(Jimi lights up another smoke and takes a deep drag)
Ya know, she was also one of the first Black leaders in the community in Vancouver. She like, died in 1986 in Vancouver, like 16 years after me. After staying the night in her house, I left to join up with the band in the morning for the rest of the tour. Now that I think of it…it was the last time I saw her – in this dimension.
EM: So Jimi, can you tell us what happened in Toronto? Some of the younger people may not know the story.
JMH: Well if you are talking about the bust man, then all I can say is, like that, a groupie put some dope in my bag or something. I had no idea it was there, so when I crossed over the border from Detroit to Toronto in May 1969 to do the show, the RCMP had found a stash of Heroin at the airport. I’ve smoked marijuana, hashish and taken LSD and cocaine, but never heroin ya know. I wasn’t taking Heroin. People were constantly giving me gifts. I was at a party in a Los Angeles hotel room. I had an upset stomach and a girl had handed me a bottle, with what I thought was Bromo-Seltzer. You know that stuff on TV that cures the tummy? So I threw it in my bag. I don’t know how the tube with drugs got in my bag. I was looking at 20 years in jail. Do you think I would carry Heroin through customs? Never.
EM: Do you think it was a set up? Maybe an attempt to plant drugs to take you down?
JMH: Well the boys in the Experience always said they would hear rumors of a pending bust. You know, drugs getting planted on us, that kind of thing. The road crew would hear this too, the day before the Toronto bust. Now that’s odd. I think it was Noel who started to wear clothes without pockets. He was so paranoid that the fuzz would possibly plant something on him. Anything.
EM: Where was your manager Mike Jeffery while you were getting charged for drugs?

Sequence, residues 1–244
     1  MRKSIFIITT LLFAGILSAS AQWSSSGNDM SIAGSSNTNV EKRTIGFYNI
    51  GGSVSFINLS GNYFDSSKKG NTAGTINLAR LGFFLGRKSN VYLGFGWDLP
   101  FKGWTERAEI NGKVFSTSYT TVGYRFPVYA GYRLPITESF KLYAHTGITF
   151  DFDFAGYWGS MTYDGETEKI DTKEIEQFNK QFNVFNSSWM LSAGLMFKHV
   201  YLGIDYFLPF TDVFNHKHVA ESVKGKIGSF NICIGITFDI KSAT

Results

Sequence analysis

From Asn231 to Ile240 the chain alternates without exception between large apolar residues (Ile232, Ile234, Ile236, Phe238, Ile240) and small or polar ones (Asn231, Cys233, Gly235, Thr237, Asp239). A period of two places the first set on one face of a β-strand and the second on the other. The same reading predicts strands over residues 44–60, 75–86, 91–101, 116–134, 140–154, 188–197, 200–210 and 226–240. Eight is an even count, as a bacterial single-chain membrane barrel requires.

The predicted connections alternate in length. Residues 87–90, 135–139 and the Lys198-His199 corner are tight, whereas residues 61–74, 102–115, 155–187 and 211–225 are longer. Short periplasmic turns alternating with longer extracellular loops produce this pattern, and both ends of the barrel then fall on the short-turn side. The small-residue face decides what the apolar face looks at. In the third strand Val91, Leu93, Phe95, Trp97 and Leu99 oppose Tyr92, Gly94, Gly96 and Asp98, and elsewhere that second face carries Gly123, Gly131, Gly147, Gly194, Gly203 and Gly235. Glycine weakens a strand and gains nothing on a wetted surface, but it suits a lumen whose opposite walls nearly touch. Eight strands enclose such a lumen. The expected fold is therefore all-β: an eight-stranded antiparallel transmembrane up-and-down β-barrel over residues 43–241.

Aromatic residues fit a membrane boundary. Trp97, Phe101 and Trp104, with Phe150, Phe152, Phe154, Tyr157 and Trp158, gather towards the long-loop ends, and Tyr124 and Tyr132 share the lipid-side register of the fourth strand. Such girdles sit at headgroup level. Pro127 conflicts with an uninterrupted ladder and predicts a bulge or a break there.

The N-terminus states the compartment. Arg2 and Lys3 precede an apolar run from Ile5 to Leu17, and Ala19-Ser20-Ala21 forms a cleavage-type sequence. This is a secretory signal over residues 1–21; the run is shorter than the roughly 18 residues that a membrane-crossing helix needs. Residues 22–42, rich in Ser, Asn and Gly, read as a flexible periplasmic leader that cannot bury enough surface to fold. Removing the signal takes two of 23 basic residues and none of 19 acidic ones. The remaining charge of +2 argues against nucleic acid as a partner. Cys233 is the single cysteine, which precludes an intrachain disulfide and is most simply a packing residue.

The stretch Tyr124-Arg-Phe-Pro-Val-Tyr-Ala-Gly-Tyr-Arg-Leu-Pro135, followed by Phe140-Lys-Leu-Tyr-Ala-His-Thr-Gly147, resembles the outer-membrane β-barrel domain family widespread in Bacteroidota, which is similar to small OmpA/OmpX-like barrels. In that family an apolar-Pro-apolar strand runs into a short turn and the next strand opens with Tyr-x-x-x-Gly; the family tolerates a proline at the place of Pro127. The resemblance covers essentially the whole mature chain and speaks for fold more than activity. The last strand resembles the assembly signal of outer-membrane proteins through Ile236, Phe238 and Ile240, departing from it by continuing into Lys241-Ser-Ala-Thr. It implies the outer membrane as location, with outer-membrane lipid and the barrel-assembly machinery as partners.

JMH: Hawaii…in the sun…why wasn’t I in Hiwaii in the sun? (Jimi laughs) But Canada has given me the best Christmas present I ever had. I was acquitted on both charges and didn’t go to jail.
EM: Not too many people know about the second arrest in Toronto. Can you tell me what happened on December 7 of 1969?
JMH: Well that was all a misunderstanding, ya know. I remember I was in New York on my way to the Airport for the trail date in Toronto. My lawyer Bob Levine was worried I had drugs in my guitar case and would get searched. “Trust me Bob, no one is going to recognize me, I have nothing.” – I kept telling him. When we landed in Toronto, we went through customs and I was arrested again. Agents found a capsule in my guitar case. As they were testing the bottle to see what was in it, I sat in jail all night long thinking…this is it. It’s over. The frame job worked man.
EM: So what happened? Did they ever find out what was in the bottle?
JMH: It was a pill. The pill was a legal medication ya know. I had said this to the cops and to Bob too. But no one believed me. So later that day, the Toronto police department dropped the charges and off to court I went for the trail on the first Heroin charge. In the end the truth set me free. But the crazy thing is. I sometimes wonder if the Canadians had sent me to jail, maybe I would be alive in this dimension today. I wouldn’t have gone to London because I would have been in the slammer. Think about that mind trip.
EM: Well it’s kind of cool knowing that one of the best guitar players in the world, has Canadian blood.
JMH: Yeah I got Canadian blood I guess. There you have it. I think Eric Clapton’s dad was Canadian too and he’s not bad on guitar either (Jimi laughs).
EM: Well… I know your tired so I wont keep you any longer. I’m sure you have a long road ahead of you. So finally… last question… “Any plans?”
JMH: I have a gig tonight at the Stardust Lounge with my new band. We’re called Electric Church. John Henry Bonham on drums. Eddie Cochran has offered to play Bass and I have Amy Winehouse with David Bowie singing back up vocals… I’m in talks with John Candy to manage us. We need one Canadian in the project. (Jimi smirks) It’s going to be a smash baby!
Suddenly, there was a quick white flash.
Jimi slowly fades out to a rainbow of chaotic particles, and abruptly, there is nothing but silence. He’s gone. The only evidence in the room is the cigarette smoke. The vapor is caught under the lamp shade in the corner beside the stool where he sat. I break the silence and put on a song from a record. It’s called, “ Third Stone from the Sun”. The song shimmers through my mind, as I sit back and take in all in.
Jimi Hendrix died at the age of 27 and would have been 76 years old this year.